If politics makes for strange bedfellows, what of high tech competitors Apple, Microsoft, and Google? The basics: Microsoft steals from Apple. Google steals from Apple. All are enemies. If the enemy of my enemy is my friend, then which company is Apple’s friend? From Peter Burrows in BusinessWeek:
When companies start to imitate one another, it’s usually either an extreme case of flattery—or war. In the case of Google and Apple, it’s both. Separated by a mere 10 miles in Silicon Valley, the two have been on famously good terms for almost a decade. Jobs and Google CEO Eric Schmidt, both 54, spent years in separate battles against Microsoft while Schmidt was at Sun Microsystems and Novell. Over time, they went from spiritual allies to strategic ones. When Apple had an opening on its board in 2006, Jobs tapped Schmidt. “Eric is obviously doing a terrific job as CEO of Google,” Jobs said at the time. Schmidt, meanwhile, called Apple “one of the companies in the world that I most admire.”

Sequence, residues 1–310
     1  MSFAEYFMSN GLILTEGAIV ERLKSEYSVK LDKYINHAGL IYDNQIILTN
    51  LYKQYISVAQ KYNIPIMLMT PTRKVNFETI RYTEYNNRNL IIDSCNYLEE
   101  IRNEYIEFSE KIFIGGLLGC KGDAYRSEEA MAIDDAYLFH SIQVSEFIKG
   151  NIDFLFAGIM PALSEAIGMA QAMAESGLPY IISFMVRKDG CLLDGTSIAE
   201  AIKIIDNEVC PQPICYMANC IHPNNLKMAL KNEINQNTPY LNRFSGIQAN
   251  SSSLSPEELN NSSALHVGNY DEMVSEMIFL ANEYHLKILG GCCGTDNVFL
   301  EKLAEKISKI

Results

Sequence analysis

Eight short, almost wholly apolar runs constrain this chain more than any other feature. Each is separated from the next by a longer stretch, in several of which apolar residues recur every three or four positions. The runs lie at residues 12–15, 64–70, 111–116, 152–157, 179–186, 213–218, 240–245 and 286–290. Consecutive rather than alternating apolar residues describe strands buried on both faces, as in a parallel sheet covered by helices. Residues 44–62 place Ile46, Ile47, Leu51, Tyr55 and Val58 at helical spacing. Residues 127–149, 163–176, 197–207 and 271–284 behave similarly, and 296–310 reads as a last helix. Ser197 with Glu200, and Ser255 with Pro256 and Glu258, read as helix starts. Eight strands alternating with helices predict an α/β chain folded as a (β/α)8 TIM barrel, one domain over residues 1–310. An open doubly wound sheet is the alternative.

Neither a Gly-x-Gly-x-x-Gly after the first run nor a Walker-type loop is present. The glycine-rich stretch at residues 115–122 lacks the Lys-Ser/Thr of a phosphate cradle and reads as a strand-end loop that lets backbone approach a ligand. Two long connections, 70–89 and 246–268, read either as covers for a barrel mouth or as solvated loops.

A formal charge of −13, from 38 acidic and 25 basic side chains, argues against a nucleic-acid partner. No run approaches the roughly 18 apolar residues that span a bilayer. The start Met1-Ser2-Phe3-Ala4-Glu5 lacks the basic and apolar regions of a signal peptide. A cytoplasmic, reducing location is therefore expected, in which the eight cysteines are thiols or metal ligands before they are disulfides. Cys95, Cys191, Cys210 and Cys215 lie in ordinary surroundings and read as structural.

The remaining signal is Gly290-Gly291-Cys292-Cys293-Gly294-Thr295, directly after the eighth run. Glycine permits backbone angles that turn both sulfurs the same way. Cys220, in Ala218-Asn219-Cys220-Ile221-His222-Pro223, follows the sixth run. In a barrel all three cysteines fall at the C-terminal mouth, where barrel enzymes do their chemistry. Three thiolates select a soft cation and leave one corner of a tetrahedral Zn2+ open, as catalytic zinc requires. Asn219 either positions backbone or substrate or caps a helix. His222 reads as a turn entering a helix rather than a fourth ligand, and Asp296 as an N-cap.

Microsoft competes with Google in search and advertising and mobile phones. Apple competes (now) with Google in mobile phones and applications. Yes, friends, Apple is now in the mobile advertising business.
For almost any company, taking on Google in search advertising would be folly. Google dominates traditional search with more than 65% of the market, and its share of search on mobile phones is even more imposing… Yet mobile search hasn’t taken off.
Why not? Why does Apple care? The why not is easy. The small form factor makes adjacent advertising much more of a navigation pain than a Mac or PC browser window. Apple cares because search advertising sucks on mobile devices, and Apple is pissed at Google because of Android and Nexus One. Enter the enemy of my enemy who could be a friend.
Some analysts believe the Apple-Google battle is likely to get much rougher in the months ahead. Ovum’s Yarmis thinks Apple may soon decide to dump Google as the default search engine on its devices, primarily to cut Google off from mobile data that could be used to improve its advertising and Android technology. Jobs might cut a deal with—gasp!—Microsoft to make Bing Apple’s engine of choice, or even launch its own search engine.
No Google on the iPhone? Microsoft working with Apple?
Whatever happens, it’s clear that Apple and Google are headed for more conflict. Android is a threat to an iPhone business that has quickly come to represent more than 30% of Apple’s sales.
I’ll believe it when I see it. What will happen? Apple will go it alone.